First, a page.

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Uses of Borates in Insecticides and Pesticides


The first use of inorganic borates documented as an insecticide was in 1918.  However as a commercial product boric acid was documented as an insecticide in 1922 when P.F. Harris invented the Roach Tablet.

The commercial use of borates in insecticides developed during the 1940's due to the need to protect foodstuffs in wartime conditions, and because of their effectiveness in protecting timber against insect attack (See ABC’s Wood treatment Bulletin). These uses of borates subsequently declined because of the increasing use of organic insecticides.  Toxic compounds that are the basis for these organic insecticides include organophosphates, carbamate, chlorinated hydrocarbons, synthetic pyrethroids, and still others flourished and continue to this day.

However, there is mounting concern at the mammalian toxicity and persistence of certain organic insecticides and their impact on the environment. This has led to a revival of interest in the borates and other inorganic compounds which have low acute toxicity to mammals and appear to have no observable adverse effect on the environment when used in a responsible manner as stated in Material Safety Data Sheets (now called SDS, Safety Data Sheets). 

In 1971 the use of borax in a bait to control ants in the domestic house was described.  Boric acid was shown to be active against Pharaoh's ants in 1987.

Today borates are used in many products including ant baits, and other insecticidal compounds that target such organisms as fleas, mites, roaches, silverfish and spiders plus selectively targeting the larval forms of some insects.  Based on EPA records, as of 1993, there were 189 registered pesticides containing borates.

Borate’s Value and Use in Insecticides and Pesticides – Mode of Insecticidal Action

Boric acid is generally known to act as a stomach poison in insects and it has been suggested that it also has an effect on their nervous system.

The Mohs hardness of boric acid is 3.0 on a scale of 1 – 10 with 10 classified as a diamond.  Thus boric acid and some hydrated sodium borates are also abrasive to the insect’s exoskeleton which results in another way of insecticidal mortality.  However if these dry refined borates (particularly powders) come in contact with water, their effectiveness as an abrasive can be reduced due to caking of the finished product since borates are water soluble.

In the case of the cockroach, lack of repellency of boric acid plus its electrostatic tendency to stick to the insect's body outweighs its relatively low toxicity by comparison with certain organic insecticides. In certain other insect species, the borate acts against the larval stage.

Application for Insecticides and Pesticides

Borates can be used in various consumer and commercial formulations. They are marketed in several different forms including liquids, soluble and emulsifiable concentrates, granular, powders, dusts, pellets, tablets, solids, paste, baits, plus crystalline rods and bi-component baits that use sugars and other cellulosic-based materials as attractants to insects as a food source.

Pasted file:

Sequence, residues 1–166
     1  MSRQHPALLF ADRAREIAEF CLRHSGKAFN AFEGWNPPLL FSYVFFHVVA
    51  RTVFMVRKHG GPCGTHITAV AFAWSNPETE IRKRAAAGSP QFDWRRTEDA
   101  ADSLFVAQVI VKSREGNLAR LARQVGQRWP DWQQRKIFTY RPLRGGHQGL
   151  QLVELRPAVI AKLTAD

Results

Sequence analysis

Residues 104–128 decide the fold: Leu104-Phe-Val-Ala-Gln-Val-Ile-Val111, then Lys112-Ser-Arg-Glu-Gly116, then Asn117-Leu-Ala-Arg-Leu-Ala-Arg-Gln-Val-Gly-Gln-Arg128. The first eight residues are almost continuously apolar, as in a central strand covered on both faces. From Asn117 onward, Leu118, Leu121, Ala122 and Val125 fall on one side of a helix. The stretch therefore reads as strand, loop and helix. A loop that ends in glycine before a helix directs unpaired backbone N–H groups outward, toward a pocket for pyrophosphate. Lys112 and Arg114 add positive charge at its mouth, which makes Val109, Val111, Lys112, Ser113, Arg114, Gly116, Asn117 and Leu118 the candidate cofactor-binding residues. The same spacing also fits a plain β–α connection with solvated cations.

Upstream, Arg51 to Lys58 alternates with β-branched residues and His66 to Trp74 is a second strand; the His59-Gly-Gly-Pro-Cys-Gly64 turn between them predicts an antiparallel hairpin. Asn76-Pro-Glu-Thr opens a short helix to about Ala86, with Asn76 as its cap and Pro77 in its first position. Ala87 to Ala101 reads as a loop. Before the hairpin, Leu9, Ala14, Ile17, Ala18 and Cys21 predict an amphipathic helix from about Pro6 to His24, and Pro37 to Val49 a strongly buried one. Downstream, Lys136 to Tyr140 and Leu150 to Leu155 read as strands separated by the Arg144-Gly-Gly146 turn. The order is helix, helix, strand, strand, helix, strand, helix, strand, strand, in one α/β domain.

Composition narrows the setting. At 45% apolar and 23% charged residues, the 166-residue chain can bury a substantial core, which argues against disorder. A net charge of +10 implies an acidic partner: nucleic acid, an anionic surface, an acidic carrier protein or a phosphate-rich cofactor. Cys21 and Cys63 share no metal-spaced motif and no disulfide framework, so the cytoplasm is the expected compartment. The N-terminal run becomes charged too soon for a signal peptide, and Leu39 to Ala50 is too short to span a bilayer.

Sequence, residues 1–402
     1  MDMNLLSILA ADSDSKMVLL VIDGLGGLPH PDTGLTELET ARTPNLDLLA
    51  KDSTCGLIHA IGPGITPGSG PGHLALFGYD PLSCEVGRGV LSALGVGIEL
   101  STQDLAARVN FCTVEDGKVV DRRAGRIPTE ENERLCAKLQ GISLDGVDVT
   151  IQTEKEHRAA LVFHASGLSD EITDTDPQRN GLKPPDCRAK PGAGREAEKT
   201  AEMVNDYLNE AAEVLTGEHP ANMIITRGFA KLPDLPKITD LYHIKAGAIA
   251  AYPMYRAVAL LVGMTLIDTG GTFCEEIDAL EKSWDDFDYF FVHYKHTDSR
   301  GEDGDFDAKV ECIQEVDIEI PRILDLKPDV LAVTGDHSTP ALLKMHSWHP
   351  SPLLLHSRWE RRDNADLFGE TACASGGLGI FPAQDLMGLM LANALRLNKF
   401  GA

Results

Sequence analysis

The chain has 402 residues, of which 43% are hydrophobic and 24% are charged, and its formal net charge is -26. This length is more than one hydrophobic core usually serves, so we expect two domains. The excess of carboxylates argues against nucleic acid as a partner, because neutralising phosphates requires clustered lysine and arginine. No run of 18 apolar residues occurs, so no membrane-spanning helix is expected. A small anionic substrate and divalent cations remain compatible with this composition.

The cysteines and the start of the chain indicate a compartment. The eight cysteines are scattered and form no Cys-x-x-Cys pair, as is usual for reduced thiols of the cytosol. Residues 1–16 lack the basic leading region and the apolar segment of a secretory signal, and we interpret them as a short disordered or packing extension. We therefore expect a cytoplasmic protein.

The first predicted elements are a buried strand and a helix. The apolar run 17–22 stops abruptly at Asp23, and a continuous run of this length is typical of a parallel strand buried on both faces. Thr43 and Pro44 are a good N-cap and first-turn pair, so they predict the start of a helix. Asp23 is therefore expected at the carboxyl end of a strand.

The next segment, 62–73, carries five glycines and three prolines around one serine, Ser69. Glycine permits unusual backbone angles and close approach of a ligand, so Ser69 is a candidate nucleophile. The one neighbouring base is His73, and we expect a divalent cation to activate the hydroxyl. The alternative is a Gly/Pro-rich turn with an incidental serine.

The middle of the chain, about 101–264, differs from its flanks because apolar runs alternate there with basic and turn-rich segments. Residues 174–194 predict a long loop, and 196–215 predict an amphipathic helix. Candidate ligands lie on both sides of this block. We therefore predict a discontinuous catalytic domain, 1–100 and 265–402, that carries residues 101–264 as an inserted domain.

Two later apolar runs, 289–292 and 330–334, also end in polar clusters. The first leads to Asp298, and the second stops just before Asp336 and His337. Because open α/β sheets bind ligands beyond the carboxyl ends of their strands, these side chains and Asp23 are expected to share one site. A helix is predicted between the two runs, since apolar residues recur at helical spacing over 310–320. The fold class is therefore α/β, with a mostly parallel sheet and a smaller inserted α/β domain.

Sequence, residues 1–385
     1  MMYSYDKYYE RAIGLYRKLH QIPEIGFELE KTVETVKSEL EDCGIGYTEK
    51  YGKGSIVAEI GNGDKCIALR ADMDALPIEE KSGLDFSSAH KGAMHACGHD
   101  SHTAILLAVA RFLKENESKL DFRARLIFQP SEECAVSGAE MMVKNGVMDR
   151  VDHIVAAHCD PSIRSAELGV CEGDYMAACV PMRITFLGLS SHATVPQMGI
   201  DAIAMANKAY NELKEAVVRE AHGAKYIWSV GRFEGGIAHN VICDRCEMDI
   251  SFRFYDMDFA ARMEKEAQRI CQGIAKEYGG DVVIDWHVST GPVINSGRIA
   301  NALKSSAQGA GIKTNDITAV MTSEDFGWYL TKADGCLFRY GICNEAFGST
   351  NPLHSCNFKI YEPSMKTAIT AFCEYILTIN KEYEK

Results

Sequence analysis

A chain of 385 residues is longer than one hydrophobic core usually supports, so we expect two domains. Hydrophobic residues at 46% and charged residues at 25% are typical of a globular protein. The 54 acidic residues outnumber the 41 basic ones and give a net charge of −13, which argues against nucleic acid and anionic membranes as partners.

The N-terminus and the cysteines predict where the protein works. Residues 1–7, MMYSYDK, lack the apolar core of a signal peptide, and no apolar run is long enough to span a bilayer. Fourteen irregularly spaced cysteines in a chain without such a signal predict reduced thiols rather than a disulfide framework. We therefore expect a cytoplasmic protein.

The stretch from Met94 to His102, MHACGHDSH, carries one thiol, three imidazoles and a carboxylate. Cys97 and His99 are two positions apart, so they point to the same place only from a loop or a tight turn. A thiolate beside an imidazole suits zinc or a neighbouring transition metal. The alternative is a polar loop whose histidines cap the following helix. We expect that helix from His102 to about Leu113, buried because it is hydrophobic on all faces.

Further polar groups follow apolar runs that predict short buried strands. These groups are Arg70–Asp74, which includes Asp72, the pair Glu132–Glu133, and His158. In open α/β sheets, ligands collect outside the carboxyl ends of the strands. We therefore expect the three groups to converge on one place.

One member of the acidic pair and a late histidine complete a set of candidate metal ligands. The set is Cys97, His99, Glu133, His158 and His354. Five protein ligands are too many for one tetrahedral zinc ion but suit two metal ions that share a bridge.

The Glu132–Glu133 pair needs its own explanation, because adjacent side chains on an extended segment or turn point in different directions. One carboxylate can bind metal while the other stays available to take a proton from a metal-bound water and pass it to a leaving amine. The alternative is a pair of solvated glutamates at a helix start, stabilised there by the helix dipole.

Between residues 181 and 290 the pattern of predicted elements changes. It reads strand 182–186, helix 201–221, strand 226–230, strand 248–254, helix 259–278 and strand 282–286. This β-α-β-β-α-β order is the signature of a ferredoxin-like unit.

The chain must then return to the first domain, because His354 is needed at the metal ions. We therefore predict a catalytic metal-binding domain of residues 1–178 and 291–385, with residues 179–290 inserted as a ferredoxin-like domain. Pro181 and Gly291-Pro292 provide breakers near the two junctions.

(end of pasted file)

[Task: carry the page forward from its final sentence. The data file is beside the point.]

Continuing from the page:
The range of loadings in consumer and industrials products can be from 1.0% to 100% by weight in the final formulation and depending on the value borates are intended to bring to the final product.

Borates, being soluble in water, can be used only in protected situations where they will not be leached by rain or by ground water. They are suitable for application in structural and insulation materials, animal bedding, and areas of crack and crevice. Borates should not be applied directly on feedstuffs or foods.

In the US, proprietary borates are registered with the EPA for the control of larvae of the common house fly and latrine fly, and in manure, including use in poultry houses and in garbage and municipal dumps.  EPA registration has been obtained for use against Darkling beetles andHide beetlesin poultry houses.  Formulators have a responsibility to confirm such registrations are still efficacious and legal.  To prevent misuse, boric acid or other borates must be kept out of the reach of children.  It is important to confirm that a supplier of borate compounds has the appropriate registration and labeling of their products for use as an insecticide.


Regarding registrations, in 1948 Boric acid and other borate salts were registered for this use and later reregistered by the Environmental Protection Agency (EPA) in 1993.

However, for specific insecticidal use, registration with a national authority is a requirement in most countries and more specifically in the US and Canada.  Formulators are responsible for ensuring that their product meets local, state and federal regulations.

Various new uses are under development. The reader should ascertain if his proposed use, method of use or formulation is captured in an existing or pending patent, or is subject to proprietary labelling.  Boric acid and sodium borate compositions are not subject to patent protection, and many end-uses are not covered by patented claims.

Discussions described in this bulletin are given without warranty as to any patent, which may vary between countries.

American Borate Company Products: 

Refined Borates

It is further advised to check with American Borate Company’s (ABC) representative to determine if there is an opportunity to sub-register under ABC’s data.  This has the potential of speeding up the process of sub-registering private label products when product is purchased from ABC.

Note: ABC does offer an EPA registered product specific to boric acid. Ask about registration and labeling availability for other ABC borate compounds.

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